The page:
Security, passwords, and the messiness of everyday experiences

I enjoyed On Culture and Interaction Design, an interview with anthropologist Genevieve Bell. In one section she discusses how we often design systems based on a cultural ideal, but in practice it ends up solving the wrong problem. She uses the example of security:

We design systems to keep systems safe and people write their passwords on bits of paper stuck to their systems. So, is it that people don’t care about security or is that the security we are designing is securing the wrong things? Or, are they just securing them in the wrong ways? Clearly we know that people care about the security of their homes, their possessions, their digital selves, but they adopt a range of patterns for doing it that are incredibly messy, complicated, and contradictory.

Passwords ensure that unauthorized people don’t get access to a system. But the mere fact that tools like 1Password exist to remove the need to remember passwords should tell us that we’re doing it wrong. Current password systems solve the problem from the wrong perspective: the system, not the user.

The problem runs even deeper. We’re not only solving the problem from the wrong perspective, we’re also introducing unnecessary complexity because of the way these systems are implemented. From a great post on the AgileBits blog:

Security systems (well, the good ones anyway) are designed by people who fully understand the reasons behind the rules. The problem is that they try to design things for people like themselves””people who thoroughly understand the reasons. Thus we are left with products that only work well for people who have a deep understanding of the system and its components.

This is why people have weak passwords and write them down on pieces of paper everywhere. It’s why the experience is complex and messy, and why we have to spend so much time building “Forgot password” flows when we could be spending that time making the core experience of our products better.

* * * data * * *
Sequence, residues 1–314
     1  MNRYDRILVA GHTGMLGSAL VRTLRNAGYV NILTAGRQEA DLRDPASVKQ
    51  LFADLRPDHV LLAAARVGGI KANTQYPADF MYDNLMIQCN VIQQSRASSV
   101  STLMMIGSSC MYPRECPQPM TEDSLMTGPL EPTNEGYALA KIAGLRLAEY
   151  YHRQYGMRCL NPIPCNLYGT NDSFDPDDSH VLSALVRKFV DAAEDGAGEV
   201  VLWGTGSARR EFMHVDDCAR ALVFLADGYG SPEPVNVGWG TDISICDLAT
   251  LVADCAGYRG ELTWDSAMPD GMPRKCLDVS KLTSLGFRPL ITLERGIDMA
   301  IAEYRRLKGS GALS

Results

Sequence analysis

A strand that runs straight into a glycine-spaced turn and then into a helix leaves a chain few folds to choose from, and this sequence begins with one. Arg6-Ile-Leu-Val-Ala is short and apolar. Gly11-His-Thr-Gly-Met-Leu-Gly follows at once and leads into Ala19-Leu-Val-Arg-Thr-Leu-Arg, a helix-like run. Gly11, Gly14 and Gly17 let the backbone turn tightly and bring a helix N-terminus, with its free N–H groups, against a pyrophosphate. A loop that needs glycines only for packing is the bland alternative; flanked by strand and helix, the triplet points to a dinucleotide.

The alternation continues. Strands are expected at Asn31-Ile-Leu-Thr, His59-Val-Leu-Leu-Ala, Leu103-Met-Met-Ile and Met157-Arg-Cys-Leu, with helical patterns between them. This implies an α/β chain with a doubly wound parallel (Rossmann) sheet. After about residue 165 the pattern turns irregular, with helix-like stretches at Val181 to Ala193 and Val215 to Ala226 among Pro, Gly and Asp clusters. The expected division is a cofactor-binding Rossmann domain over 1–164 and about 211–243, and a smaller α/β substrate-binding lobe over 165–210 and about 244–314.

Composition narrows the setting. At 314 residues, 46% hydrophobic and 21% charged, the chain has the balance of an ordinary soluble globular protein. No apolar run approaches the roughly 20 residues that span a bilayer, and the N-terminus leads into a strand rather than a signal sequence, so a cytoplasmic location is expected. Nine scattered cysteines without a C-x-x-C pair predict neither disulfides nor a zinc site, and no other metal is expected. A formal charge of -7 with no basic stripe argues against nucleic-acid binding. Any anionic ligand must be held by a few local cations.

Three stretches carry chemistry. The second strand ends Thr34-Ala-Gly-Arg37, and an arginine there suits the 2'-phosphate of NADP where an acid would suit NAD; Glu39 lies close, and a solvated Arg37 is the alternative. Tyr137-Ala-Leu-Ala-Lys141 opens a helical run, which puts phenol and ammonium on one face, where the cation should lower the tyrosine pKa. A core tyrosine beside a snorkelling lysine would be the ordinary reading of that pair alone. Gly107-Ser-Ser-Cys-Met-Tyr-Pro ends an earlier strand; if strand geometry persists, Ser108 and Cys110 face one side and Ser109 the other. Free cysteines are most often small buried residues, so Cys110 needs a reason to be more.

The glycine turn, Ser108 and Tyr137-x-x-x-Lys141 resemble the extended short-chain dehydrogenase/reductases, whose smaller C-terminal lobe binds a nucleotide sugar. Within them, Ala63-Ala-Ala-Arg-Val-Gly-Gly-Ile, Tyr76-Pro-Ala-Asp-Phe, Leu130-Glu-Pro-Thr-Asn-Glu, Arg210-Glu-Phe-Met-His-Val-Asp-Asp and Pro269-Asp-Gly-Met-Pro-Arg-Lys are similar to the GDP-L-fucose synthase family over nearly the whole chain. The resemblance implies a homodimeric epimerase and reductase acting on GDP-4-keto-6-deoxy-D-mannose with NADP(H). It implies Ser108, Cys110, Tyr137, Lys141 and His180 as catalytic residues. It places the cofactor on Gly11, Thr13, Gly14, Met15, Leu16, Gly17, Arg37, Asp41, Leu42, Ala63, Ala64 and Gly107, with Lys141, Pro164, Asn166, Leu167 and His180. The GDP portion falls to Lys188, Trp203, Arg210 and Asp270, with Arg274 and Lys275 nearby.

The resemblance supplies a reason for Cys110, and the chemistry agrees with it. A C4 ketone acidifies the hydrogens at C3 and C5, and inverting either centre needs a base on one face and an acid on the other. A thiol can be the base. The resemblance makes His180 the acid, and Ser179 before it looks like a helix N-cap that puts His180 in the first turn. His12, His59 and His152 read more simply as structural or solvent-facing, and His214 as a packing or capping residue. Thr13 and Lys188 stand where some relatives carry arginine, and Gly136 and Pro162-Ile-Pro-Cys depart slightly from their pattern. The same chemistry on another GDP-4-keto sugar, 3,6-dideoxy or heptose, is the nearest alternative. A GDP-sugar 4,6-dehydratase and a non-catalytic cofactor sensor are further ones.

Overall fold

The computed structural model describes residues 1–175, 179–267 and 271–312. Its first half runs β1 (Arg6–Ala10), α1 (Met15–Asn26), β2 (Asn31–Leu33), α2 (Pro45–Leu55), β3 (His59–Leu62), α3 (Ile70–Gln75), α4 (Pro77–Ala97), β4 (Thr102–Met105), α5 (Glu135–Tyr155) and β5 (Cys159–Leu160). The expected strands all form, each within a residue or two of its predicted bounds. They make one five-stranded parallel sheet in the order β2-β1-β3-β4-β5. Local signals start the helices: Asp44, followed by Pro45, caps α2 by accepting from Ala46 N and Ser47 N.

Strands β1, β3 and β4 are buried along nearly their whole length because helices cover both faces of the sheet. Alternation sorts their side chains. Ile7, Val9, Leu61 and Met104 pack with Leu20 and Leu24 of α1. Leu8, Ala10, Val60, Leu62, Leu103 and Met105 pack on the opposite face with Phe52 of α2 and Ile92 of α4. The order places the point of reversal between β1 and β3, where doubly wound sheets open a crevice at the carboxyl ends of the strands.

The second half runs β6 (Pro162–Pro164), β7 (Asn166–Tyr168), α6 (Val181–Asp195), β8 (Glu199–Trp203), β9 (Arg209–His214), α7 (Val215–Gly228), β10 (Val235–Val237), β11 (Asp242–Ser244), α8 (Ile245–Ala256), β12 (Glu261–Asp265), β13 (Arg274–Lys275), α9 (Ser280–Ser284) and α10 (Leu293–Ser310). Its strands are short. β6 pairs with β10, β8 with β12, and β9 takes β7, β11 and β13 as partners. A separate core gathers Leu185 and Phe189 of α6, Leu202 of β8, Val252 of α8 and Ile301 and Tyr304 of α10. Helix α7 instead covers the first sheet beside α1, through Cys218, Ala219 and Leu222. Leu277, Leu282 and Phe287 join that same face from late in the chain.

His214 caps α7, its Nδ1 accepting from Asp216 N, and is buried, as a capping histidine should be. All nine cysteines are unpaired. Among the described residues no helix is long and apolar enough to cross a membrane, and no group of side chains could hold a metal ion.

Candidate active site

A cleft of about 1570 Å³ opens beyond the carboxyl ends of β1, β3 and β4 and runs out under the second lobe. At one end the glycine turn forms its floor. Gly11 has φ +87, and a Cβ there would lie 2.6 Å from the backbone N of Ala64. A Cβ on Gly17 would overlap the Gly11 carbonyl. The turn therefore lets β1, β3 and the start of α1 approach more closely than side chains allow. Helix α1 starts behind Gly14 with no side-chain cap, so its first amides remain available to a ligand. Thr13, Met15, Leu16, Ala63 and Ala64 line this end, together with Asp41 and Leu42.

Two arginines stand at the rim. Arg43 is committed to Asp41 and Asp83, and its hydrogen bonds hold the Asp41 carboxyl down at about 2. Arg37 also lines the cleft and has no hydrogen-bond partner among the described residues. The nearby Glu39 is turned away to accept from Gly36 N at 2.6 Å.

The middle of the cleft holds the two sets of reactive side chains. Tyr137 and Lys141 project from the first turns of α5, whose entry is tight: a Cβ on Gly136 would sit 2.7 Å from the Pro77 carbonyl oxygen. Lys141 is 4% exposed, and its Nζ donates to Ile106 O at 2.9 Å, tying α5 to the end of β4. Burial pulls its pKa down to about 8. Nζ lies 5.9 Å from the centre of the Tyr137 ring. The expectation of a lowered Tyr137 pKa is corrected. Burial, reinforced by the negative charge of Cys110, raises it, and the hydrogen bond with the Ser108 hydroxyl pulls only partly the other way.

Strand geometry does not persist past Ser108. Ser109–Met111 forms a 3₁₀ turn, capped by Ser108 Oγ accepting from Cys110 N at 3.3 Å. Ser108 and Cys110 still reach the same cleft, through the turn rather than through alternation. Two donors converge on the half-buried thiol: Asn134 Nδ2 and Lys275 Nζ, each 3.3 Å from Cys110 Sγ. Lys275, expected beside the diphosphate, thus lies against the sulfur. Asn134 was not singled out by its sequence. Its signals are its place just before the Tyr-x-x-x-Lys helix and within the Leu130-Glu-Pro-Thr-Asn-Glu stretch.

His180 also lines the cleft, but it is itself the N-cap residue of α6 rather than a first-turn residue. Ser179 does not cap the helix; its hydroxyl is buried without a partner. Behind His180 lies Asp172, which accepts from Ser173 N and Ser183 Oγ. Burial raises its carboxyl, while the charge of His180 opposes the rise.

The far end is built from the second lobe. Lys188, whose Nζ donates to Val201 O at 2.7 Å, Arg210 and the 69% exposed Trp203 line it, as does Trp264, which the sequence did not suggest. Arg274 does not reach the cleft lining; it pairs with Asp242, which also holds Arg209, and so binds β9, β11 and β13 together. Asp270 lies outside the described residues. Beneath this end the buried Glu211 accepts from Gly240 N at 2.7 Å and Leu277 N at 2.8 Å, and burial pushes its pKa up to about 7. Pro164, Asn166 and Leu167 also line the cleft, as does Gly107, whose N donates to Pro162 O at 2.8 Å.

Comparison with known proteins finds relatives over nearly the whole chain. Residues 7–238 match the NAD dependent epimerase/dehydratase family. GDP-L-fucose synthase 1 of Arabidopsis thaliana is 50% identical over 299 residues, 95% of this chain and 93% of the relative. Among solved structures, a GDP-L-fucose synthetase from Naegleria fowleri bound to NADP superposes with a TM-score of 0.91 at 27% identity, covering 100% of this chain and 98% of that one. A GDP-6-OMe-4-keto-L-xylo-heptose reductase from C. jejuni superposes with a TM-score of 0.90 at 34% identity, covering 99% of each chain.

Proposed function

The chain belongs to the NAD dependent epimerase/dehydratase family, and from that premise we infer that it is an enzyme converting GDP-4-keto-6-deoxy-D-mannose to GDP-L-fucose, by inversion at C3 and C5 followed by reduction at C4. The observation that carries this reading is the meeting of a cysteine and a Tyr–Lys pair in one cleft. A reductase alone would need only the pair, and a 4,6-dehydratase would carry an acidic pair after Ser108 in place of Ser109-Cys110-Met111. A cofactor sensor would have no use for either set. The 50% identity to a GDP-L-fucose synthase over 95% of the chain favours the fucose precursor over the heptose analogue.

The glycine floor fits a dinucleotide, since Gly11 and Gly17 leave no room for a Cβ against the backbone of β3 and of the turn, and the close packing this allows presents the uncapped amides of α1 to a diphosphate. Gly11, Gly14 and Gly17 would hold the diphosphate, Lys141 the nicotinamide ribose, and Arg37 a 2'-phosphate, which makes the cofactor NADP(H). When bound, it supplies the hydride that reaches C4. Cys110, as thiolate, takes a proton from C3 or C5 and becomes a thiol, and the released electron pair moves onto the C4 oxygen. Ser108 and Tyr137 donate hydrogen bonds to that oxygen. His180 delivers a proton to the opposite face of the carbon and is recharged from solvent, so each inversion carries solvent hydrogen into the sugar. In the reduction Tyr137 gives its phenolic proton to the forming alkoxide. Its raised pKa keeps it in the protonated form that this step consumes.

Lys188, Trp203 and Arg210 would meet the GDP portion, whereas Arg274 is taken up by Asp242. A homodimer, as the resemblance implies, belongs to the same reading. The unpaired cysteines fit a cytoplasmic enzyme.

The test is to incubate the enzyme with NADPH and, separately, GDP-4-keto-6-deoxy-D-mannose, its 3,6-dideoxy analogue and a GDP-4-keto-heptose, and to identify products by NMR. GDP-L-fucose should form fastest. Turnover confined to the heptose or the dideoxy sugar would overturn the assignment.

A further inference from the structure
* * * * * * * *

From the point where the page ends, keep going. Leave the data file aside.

So what’s the alternative? I have a huge appreciation for the role that anthropology can play in the design of products and experiences – which is what Genevieve advocates in her interview as well. Ethnography (often called Contextual Inquiry in the user-centered design world) is the single best way to uncover unmet needs and make sure we are solving the right problems for our users.

In Ethnography in Industry, Victoria Bellotti defines ethnography as “a holistic, in-person, and qualitative approach to the study of human behavior and interaction in natural settings.” By using this method to understand the culture and real needs of personal security, we should be able to design a user-centered solution to protecting digital information. One that isn’t stuck in the downward spiral of designer myopia we often encounter in proposed solutions to complex problems.

Security is an impossible industry to reinvent, you say? Maybe. But the problem does remind me of something Matt Legend Gemmell says about innovation in his excellent post Copycats:

The lesson of the technology industry in the past five years is that really successful products dare to NOT copy. They’re pure, in that they’re actually designed from first principles – they’re based on the problem and the constraints, without being viewed through the lens of someon’s existing attempt. You know, the kind of thing you actually wanted to work on when you got your degree and were still unsullied by the lazy, corporate machine.

So who wants to take a crack at it?